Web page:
In March 2023, the Ministry of Health supported by VillageReach and Last Mile Health conducted beta testing of the eCBIS in Bomi and Rivercess Counties. During the beta testing, fifty CHAs, six CHSSs, District Health Officers, Community Health Focus Persons, County Health Promotion Focus Persons, and County Monitoring and Evaluation Officers were trained on using the application. The training was followed by one-week field testing and feedback from the beta testing was noted for the iteration of the application.
The CHWs and County Health Teams were excited and acknowledged the benefits of the digital application to the National Community Health Program of Liberia.
Hawa Coleman, a CHW in the Clean Town community, Bomi County, told us, “The eCBIS is a great tool that will help me to do my job better. I am excited to use it to improve the care that I provide to my community.”
This feedback was reaffirmed by CHSSs, including Hope Ehibor from the Jenneh #3 Clinic, who said, “The eCBIS is very user-friendly and easy to use. I was able to learn how to use it quickly and easily.”
The eCBIS has a number of benefits for community health workers and the health system as a whole. First, the eCBIS will help improve the quality-of-care CHWs provide. The application will allow CHWs to track their progress and identify areas where they need to improve. Second, the eCBIS will help to reduce errors in data collection. The application will automate many of the data collection tasks that CHAs currently do manually, which will help to reduce errors. Third, the eCBIS will help to improve the efficiency of the health system. The application will allow CHAs to access information and resources more easily, which will help them to do their jobs more effectively.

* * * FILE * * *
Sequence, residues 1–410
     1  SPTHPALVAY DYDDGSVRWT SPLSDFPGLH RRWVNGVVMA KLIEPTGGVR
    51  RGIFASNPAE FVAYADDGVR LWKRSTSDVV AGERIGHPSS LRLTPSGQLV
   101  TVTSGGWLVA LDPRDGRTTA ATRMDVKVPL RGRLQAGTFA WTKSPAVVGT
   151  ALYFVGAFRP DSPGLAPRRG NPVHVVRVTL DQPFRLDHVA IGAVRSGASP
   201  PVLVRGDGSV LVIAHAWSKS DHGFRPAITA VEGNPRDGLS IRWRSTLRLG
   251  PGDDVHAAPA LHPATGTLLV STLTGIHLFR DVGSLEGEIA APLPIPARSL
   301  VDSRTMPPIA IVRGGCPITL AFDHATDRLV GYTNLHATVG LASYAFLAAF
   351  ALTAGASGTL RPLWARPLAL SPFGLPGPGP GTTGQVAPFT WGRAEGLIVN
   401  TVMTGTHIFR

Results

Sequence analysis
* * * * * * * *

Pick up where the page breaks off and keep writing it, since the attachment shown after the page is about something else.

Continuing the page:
“The eCBIS will help us to collect data more accurately and efficiently. This will help us make evidence-based decisions to improve the quality of care that we provide,” said Irene Mabande, Community Health Department Director, Bomi County Health Team.
eCBIS: a bridge to the future?
It is an exciting time for community health services in Liberia. This application is launching in the wake of late March’s 3rd International Community Health Worker (CHW) Symposium, hosted in Monrovia, where digitizing community health data collection processes took center stage and the Africa CDC highlighted CHWs as a key health workforce for its Digital Transformation Strategy (2023-2030) to accelerate the delivery of quality health care in Africa.
The eCBIS innovation aligns with this digital transformation strategy, providing a new mobile tool for service delivery at the last mile with the capacity to include improving the quality of care, reduce errors in data collection, and improve the efficiency of the health system. The eCBIS currently in the beta testing phase is expected to be rolled out to all community health workers in Liberia in the coming months.
We are confident that this in-depth community beta testing will make the application more user friendly. As for any glitches we do find? We will cross that bridge when we come to it.